Schering Stiftung

Prize winner 

Dr. Stephan Warnke

Dr. Stephan Warnke

Stephan Warnke

Schering Prize 2015

Dr. Stephan Warnke

Stephan Warnke

Schering Prize 2015

The 2015 Schering Prize is awarded to Dr. Stephan Warnke for his dissertation on “A Gas-Phase Approach to Biomolecular Structure: Combining Ion Mobility-Mass Spectrometry with Spectroscopy,” which he completed at the Freie Universität Berlin under the supervision of Prof. Dr. Kevin Pagel.

Stephan Warnke (born 1985) received his diploma in physics from the University of Tübingen in 2009 after completing a year of undergraduate research at the Fritz Haber Institute of the Max Planck Society in Berlin. As a graduate student at the same Institute in the groups of Dr. Gert von Helden and Prof. Dr. Kevin Pagel, his main focus was on the design and construction of a new instrument that combines the experimental methods of ion mobility-mass spectrometry and IR spectroscopy to perform in-depth structural analyses of biologically relevant molecules.

In his PhD thesis entitled “A Gas-Phase Approach to Biomecular Structure: Combining Ion Mobility-Mass Spectrometry with Spectroscopy,” he demonstrated how the combined methods can be applied to answer questions in a broad range of fields, from structural biology to physical chemistry. As a graduate student he authored four scientific publications and was furthermore involved in the authorship of a total of eleven publications. He graduated summa cum laude from the Institute of Chemistry and Biochemistry of the Freie Universität Berlin in 2015. As a postdoctoral researcher in the group of Dr. Gert von Helden, his current research focuses on peptide and protein structure and on non-covalently bound molecular aggregates with biological relevance.

About the dissertation

Proteins are the molecular machines that carry out vital tasks in a living organism. The structure and function of proteins are closely connected. Consequently, a detailed knowledge about molecular structure is essential to understand the biochemical processes on a molecular level. In their native environment, i.e. in solution, structural investigation of proteins is difficult as the molecules are in permanent interaction with their surroundings. The gas phase, on the other hand, offers a unique clean room environment that allows the investigation of isolated species, free from external influences. Established methods from mass spectrometry (MS) can be combined with ion mobility spectrometry (IMS), to separate protein ions by their size and shape. Structural details of shape-selected ions can then be obtained by infrared (IR) spectroscopy.

A central component of the thesis ‘A Gas-Phase Approach to Biomolecular Structure: Combining Ion Mobility-Mass Spectrometry with Spectroscopy’ is the development, characterization, and establishment of a new experimental setup that combines these structure-sensitive gas-phase methods. This facilitates in-depth structural investigations on different isolated conformers, isomers, or oligomers of protein ions and other biologically relevant molecules that can otherwise not be investigated in the condensed phase due to their short life times or heterogeneity. Using this novel instrument, it was for the first time possible to investigate the three-dimensional structure of peptide aggregates that play a role in neurodegenerative diseases like Alzheimer’s or Parkinson’s disease. In the disease case, the associated peptides undergo a transition from their native, partially folded form into insoluble aggregates that are rich in highly ordered β-sheet structures. Such aggregates can be found, for example, as insoluble plaques in brain tissue of Alzheimer’s patients. The toxic species in light of these neurodegenerative diseases are not the insoluble plaques but small, highly dynamic oligomers of largely unknown structure. The combined mass and size-selective IR spectroscopic approach could here be used to show that already these small soluble oligomers can contain a significant amount of the highly regular β-sheet structure that can be found in the larger, insoluble peptide assemblies. Ultimately, these results open new paths in the structural investigation of amyloidogenic peptides.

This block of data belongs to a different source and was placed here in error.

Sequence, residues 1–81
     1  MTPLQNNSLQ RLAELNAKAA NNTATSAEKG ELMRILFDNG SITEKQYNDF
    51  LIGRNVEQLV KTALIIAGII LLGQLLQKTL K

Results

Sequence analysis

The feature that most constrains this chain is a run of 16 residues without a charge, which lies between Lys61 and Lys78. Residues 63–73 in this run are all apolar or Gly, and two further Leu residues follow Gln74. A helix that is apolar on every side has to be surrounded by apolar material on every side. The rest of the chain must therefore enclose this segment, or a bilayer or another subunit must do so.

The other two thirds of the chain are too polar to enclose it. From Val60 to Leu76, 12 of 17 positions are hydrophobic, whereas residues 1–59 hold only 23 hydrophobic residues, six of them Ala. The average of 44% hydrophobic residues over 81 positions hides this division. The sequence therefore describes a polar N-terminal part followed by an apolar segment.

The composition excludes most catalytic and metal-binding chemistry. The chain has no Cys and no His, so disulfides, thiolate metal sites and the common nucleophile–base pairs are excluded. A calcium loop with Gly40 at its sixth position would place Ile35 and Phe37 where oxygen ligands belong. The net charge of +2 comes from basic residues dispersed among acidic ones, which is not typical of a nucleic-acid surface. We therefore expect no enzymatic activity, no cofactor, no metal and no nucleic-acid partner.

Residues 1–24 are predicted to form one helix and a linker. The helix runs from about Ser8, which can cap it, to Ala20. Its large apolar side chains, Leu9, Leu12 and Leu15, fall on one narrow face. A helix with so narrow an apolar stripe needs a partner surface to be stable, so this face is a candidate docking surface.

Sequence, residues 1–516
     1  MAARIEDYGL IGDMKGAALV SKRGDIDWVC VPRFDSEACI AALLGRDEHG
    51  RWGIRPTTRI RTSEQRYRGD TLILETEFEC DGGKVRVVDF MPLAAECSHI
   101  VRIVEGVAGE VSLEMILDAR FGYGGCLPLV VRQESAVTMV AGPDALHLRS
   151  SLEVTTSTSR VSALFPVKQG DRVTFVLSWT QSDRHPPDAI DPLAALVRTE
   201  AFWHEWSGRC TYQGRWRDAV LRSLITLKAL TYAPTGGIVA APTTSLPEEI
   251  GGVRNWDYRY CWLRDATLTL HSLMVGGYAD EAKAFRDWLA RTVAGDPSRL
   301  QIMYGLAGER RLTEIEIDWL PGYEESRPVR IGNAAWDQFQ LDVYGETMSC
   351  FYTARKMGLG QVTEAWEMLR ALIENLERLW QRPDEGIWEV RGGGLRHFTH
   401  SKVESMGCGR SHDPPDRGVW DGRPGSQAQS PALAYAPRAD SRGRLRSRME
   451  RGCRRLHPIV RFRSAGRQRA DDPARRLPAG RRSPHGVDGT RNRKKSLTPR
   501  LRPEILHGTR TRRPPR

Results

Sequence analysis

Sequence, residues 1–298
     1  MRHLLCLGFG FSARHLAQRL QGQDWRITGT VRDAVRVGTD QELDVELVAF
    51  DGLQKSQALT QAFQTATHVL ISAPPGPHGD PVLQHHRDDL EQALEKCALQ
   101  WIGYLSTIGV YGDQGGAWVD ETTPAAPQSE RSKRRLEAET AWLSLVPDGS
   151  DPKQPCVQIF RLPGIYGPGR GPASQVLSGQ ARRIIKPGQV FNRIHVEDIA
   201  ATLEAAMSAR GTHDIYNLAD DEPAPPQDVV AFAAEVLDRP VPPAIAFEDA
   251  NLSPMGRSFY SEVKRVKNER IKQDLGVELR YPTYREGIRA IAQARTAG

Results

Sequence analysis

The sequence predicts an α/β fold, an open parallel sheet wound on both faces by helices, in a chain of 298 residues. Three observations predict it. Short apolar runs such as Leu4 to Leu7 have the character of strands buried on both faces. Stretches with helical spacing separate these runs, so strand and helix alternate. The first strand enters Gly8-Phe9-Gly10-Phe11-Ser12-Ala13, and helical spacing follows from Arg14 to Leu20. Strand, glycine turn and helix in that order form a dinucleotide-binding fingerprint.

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Side events 

Award ceremony

November 11, 2016, 4–7 p.m.
Schering Prize 2015 and Bohlmann Lecture 2016

Technical University of Berlin
Lecture Hall C 130 (Old Chemistry Building)
Straße des 17. Juni 115 | 10623 Berlin

Bohlmann Lecture 2016 

Lecture — November 11, 2016

On November 11th, 2016 at 4 p.m. the Bohlmann Lecture is hold by Prof. Dr. Frances Arnold of the California Institute of Technology in Pasadena, USA on “Innovating with Evolution: Expanding the Enzyme Universe".

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